Working while traveling has become more than just occasional. More and more people either choose or need to work from all over the world, requiring only a laptop and a decent internet connection. Moreover, some people even prefer using technology to earn a living and, more generally, conduct their lives in a nomadic manner, hence their name “digital nomads.” And even though these are rather an exception, more and more people have to complete their assignments away from the office.
On the other hand, traveling can easily throw you off your regular routine. This might also be a reason why, according to a Hyatt Place and Hyatt House survey, 65 percent of people feel pressure to work longer hours when traveling for business.
But it doesn’t have to be like this. We have compiled a list of useful tips that will help you stay productive everywhere you go.
There most likely will be quite a few inconveniences along the way, and sometimes you will also have to conduct emergency communication with your clients and/or teammates. Before you leave for a trip, make sure that anyone work-related is informed about where you are and what hours you will be available for contact. Organize everything before you leave and don’t forget to sync your devices, set reminders, and calendar to the local time of your destination, so you don’t miss any deadlines.
Don’t let go of the office
Steven Dominguez, a business traveler and a vice president of global brands for the Hyatt chain recommends always staying connected. While you may be unable to attend in-person meetings, rather than putting a meeting off until your return, touch base with colleagues or boss through WhatsApp, Google Hangouts or Skype. Airport? Hotel room? Who cares as long as you are delivering.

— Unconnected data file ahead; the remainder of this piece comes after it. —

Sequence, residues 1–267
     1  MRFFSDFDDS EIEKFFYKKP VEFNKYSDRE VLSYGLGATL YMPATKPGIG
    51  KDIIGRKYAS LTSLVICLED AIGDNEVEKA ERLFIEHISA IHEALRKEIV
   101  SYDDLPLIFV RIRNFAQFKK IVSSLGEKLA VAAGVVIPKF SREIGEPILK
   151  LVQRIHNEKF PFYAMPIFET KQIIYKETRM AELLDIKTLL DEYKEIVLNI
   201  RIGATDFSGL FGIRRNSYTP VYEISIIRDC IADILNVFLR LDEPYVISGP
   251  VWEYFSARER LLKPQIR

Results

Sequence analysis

Your gadgets are key
Without your devices, you won’t get anywhere. Research ahead of time what you need for your laptop, phone, etc. when you’re traveling, especially if there are differences like the sockets, adapters, and the like. Make sure that you have all the gadgets and their accompanying pieces – chargers, power banks, pocket WiFi, and so on. You may also need specific software or services like VPN if you need to access websites that are only accessible from IP addresses based in your home country. You don’t necessarily need to buy it, there is a plenty of good VPN services available for free. Having your own Internet connection source can also solve a multitude of problems. Places that offer free WiFi will be used by a lot of people, which can make the connection unbearably slow, and, moreover, not all countries have WiFi everywhere you go. For instance, 80 percent of The Yukon, Canada is completely internet-free; India’s internet user penetration rate is less than 20 percent; or China, where you won’t be able to access a website, unless it’s servers are located in the country.
If you can’t work, study.
Productivity isn’t always about crossing out everything on your to-do list, there is always some knowledge that you struggle to get due to your busy schedule, so when you do get the chance to sit down and work, you’re prepared. Before your trip, pack a book, download a few podcasts, and so on. Make it more about “input” rather than just “output.” This can be an equally valid way to remain productive, especially in the times when your environment is not suitable for work.
Get an accountability buddy
Have someone either work with you at the exact same times or check in with you daily to make sure you’ve done everything you were supposed to. Discuss the plan in advance and tell them how important it is for the both of you to hit your daily goal for hours worked. If there’s no incentive for this person to hold you accountable, make it fun for them by setting a list of rewards.
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